Attracting beneficial insects

Globe Thistle, Echinops, heat-tolerant plants, attracting beneficial insectsWhen I talk about attracting insects to the garden, this is a common reaction: “Why would I do that?! I don’t want more insects in my garden!” But attracting beneficial insects, as well as pollinators, is exactly what we need to do to keep damaging insects in check and create a balanced ecosystem within our gardens.

When I think of beneficial insects and pollinators, what comes to mind are beetles, ladybugs, parasitic wasps, lacewings, praying mantises, spiders and solitary bees like mason bees.

You were probably doing OK with the list until I mentioned spiders, right? We humans seem to have an innate fear of arachnids. While I agree they are kind of creepy critters, spiders have big appetites for all types of problem insects in our gardens. So for that very reason, I’m more than happy to put out the welcome mat for them.

So how to we draw in the beneficials and pollinators?

attracting beneficial insects

Adult ladybugs

The most important thing all of us need to do is to lose the pesticides! While chemicals are a quick and easy product to use, they indiscriminately kill off both the problem insects and beneficials alike. As a result, our garden ecosystems are out of balance.

For example, if you kill off the ladybugs, who’s going to eat all of those pesky aphids? If you kill off the bees, who will pollinate your squash plants and apple blossoms?

When folks hear that I garden organically, I’m often asked, “Then what do you do with all of the bugs that are eating your garden?”

The simple answer is that I have very little insect problems because I’ve helped establish a balance of beneficial and damaging insects by completely avoiding pesticides.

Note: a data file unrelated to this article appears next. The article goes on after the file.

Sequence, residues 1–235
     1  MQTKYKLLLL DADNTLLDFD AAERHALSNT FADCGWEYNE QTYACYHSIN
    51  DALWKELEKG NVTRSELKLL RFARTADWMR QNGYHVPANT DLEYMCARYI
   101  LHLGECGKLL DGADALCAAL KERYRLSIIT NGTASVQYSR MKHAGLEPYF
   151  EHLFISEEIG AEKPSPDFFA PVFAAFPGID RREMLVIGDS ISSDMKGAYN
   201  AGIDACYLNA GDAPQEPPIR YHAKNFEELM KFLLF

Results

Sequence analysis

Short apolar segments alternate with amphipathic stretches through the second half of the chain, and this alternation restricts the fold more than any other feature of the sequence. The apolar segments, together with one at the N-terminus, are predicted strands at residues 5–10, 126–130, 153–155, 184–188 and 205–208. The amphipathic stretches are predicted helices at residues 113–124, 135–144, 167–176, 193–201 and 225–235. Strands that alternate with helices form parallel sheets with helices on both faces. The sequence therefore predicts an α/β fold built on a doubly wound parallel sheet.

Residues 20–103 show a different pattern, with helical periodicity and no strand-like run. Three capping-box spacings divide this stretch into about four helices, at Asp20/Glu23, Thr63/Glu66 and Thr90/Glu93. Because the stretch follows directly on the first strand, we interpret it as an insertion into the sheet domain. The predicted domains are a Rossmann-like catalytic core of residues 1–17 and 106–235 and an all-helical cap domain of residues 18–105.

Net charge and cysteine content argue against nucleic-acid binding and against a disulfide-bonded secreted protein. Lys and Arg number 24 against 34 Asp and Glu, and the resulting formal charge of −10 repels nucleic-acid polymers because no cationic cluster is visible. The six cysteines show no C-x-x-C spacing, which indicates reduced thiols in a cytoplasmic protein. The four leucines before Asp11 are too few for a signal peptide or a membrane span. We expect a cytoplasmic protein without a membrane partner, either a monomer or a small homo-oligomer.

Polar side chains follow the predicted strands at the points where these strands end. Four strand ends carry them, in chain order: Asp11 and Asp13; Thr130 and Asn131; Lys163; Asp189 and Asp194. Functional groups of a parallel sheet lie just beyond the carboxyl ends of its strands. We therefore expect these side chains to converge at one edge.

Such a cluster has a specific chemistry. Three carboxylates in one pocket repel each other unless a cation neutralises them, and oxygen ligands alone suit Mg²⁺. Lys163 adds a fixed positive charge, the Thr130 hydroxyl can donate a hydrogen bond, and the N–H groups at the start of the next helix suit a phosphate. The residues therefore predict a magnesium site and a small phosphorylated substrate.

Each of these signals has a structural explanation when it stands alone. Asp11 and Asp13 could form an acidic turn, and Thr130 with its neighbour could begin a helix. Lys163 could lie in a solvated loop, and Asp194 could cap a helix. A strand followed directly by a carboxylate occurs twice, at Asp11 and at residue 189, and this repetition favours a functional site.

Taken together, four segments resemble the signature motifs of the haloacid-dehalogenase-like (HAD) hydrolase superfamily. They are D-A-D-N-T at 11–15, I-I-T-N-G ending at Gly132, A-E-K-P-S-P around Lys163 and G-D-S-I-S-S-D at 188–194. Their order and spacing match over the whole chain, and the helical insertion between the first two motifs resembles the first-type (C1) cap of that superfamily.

So that’s step #1. No more chemicals, folks! It will save you money, keep you away from the health hazards of using them, and — most importantly — help the environment.

Step #2 is to attract birds. A large percentage of them are insectivores so they do a great job of keeping problem insects at a manageable level. If you’re interested in attracting birds for this reason, along with wanting to watch and enjoy them in your own garden, please read my article on attracting birds. It’s part of my “Birds in the Garden” guide, which includes profiles of the birds I see in my garden and identifies which ones are insectivores.

Step #3, in my humble opinion, is the most fun one: build an insect hotel.

In early 2015, my husband, Bill, and I built one in our garden after seeing them in some botanical gardens in both the U.S. and abroad. Here’s the concept behind them:

They provide shelter and nesting materials for insects to hibernate and/or raise a brood. An insect hotel can be any size, style or shape you want, provided it is sheltered from the weather with a roof and is oriented facing south for maximum light and warmth.

The great news is that you can gather natural materials to fill an insect hotel with, so they’re very inexpensive to put together:

  • Logs or wood blocks with 1/4” to 5/16” holes drilled into them
  • Dry leaves and branches
  • Masonry bricks containing holes
  • Mason bee tubes
  • Bamboo
  • Clay pots
  • Driftwood
  • Pine cones
  • Roofing tiles
  • Rolled-up paper or cardboard
  • Wood scraps
  • Reeds or straw
  • Loose tree bark

Here is a video, showing how we put our insect hotel together. Remember that you can build yours any old way, but this will give you some ideas:

I have to tell you, we had so much fun putting it together and then watching the insect activity in and around it! Here’s a video showing mason bees coming and going:

I do hope you’ll consider building your own insect hotel. It’s a wonderful project to involve kids in, so they will gain a better understanding of the natural world… and won’t look upon insects as something to squish! Insects are vital to the health of our gardens and the world around us.